The prevailing wisdom in our industry is that patrons have limited time and resources to invest in the art and culture of their community. While organizations in a city may not be in direct competition with one another, there is a certain amount of friction as we vie for the scarce resource of customers’ time, money and attention. We put that theory to the test in this study by using each organization’s loyalty analysis. Our experiment: does the number of organizations a household visits have any effect on their loyalty to each organization they visit?
We measured all the engagement of patrons that visited one or two organizations. You can see below that 3% of the time, these households were Advocates with an individual organization, 8% of these patrons were Buyers, and 89% were Tryers. When we expand that to patrons engaging with 3-6 organizations we see a slight uptick in the percentage of Advocates, and a doubling of the likelihood to become a Buyer. The trend continues as more organizations are visited.
What does this mean? The more organizations that a patron visits, the deeper their loyalty to each organization becomes. The patrons we share across the community tend to be more loyal than the patrons that organizations keep to themselves.
This finding reinforces the real and tangible value of trading lists as a strategy to build a healthier arts community while also fortifying audiences at each organization.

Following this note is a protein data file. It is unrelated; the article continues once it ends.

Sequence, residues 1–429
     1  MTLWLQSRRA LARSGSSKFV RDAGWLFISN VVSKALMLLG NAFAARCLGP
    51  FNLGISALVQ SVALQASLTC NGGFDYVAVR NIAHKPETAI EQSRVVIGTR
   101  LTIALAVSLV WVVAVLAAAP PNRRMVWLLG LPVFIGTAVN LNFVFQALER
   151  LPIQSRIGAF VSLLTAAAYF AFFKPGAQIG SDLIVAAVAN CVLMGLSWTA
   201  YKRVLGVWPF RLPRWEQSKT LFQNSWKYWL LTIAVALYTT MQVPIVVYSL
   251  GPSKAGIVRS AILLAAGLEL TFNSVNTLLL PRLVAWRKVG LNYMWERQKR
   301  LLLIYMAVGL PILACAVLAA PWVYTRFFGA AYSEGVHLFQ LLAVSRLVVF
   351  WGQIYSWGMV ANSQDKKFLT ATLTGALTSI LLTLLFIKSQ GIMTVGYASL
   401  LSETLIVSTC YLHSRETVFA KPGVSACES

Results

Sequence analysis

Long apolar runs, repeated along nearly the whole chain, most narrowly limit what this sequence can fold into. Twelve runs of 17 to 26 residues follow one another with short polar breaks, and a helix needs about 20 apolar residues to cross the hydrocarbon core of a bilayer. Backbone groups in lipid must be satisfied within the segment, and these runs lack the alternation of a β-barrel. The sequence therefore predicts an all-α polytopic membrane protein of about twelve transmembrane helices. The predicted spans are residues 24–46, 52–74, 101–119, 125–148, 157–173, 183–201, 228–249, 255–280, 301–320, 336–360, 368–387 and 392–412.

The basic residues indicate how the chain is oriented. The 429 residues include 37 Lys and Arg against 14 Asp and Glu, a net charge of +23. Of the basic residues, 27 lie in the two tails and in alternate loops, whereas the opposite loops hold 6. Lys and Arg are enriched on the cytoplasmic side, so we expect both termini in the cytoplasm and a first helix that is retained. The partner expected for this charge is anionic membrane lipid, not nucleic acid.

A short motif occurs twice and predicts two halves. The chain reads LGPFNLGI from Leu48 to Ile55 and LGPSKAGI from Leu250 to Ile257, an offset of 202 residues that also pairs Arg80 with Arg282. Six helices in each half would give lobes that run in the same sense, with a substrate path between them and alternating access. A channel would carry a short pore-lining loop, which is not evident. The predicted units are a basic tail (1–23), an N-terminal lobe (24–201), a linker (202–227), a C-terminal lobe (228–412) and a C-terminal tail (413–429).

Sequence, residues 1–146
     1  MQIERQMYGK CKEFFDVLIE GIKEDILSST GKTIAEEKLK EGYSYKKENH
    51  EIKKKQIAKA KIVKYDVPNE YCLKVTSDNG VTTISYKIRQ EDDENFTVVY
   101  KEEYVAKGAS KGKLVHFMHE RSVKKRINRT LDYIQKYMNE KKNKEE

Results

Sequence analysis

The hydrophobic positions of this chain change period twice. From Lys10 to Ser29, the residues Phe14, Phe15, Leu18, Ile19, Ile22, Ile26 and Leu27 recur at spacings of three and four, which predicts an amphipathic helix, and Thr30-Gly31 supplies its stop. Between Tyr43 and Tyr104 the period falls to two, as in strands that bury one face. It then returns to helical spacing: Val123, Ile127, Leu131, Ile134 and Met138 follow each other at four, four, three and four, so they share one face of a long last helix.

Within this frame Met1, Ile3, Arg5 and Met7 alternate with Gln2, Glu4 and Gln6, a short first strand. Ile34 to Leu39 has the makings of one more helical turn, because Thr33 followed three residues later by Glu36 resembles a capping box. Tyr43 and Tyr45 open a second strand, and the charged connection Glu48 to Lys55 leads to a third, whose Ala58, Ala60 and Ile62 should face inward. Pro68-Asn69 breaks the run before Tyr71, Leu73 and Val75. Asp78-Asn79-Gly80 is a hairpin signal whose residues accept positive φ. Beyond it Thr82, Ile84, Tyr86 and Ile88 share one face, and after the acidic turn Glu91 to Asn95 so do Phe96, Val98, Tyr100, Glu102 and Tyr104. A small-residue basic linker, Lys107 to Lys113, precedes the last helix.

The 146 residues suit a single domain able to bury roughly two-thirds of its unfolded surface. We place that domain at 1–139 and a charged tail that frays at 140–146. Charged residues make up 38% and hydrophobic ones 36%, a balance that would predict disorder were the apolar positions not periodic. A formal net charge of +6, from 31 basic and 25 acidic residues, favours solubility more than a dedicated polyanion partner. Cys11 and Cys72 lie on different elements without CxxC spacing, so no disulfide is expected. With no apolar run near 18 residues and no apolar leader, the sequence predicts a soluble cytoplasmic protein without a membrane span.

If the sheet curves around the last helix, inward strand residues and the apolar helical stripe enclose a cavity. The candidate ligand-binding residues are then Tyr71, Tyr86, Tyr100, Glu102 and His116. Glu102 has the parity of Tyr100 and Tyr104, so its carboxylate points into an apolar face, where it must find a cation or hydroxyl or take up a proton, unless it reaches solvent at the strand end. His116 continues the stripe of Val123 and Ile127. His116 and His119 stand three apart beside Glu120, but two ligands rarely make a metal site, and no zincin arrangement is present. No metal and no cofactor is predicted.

The importance of upgrading
In addition to deepening community engagement by cross-pollinating audiences, organizations must look within their own database to identify opportunities to grow loyalty and revenues. Over the study, only 3% of Buyers upgraded to Advocates, and only 0.5% of Tryers upgraded to Buyers. Mindful and strategic efforts around upgrading patrons must be embraced by both arts and culture organizations and the community as a whole.
Perhaps the most important quality of the Advocates in Philadelphia is their staying power. Despite a 16% decline in overall audiences over the study, Advocate households only declined 2%. This means that the most loyal patrons already engaged in the arts aren’t leaving, while those customers that we work so hard to acquire from outside our own databases are churning through at much higher rates. We know how to treat our Advocates with tender love and care, and we know how to find new audiences for one night. Our struggle is to bridge the gap between the two – it’s hard work, and it begins with a focus on retention. Turning a first-time ticket buyer into a second-time ticket buyer is difficult, dirty work, but it can have a huge impact.
“While expanding audiences remains critical for the long-term,” says John McInerney, Cultural Alliance Vice President of Marketing & Communications. “Retention and engagement of current audiences may be the most important strategy for an organization’s bottom line.”
The major conclusion of this study is that organizations must think about developing audiences in two ways: deepening loyalty within their organization and engaging the community in partnership with other cultural organizations. Arts organizations that collaborate can strengthen their own patron base as they build healthier communities.
There were so many interesting findings from this study, we decided to do an hour-long webinar on it. Join TRG’s Jill Robinson and the Cultural Alliance’s John McInerney on May 13 at 2 EDT/11 PDT to hear more on this ground-breaking study and its implications for the field. Register here for the “Better Together” webinar>>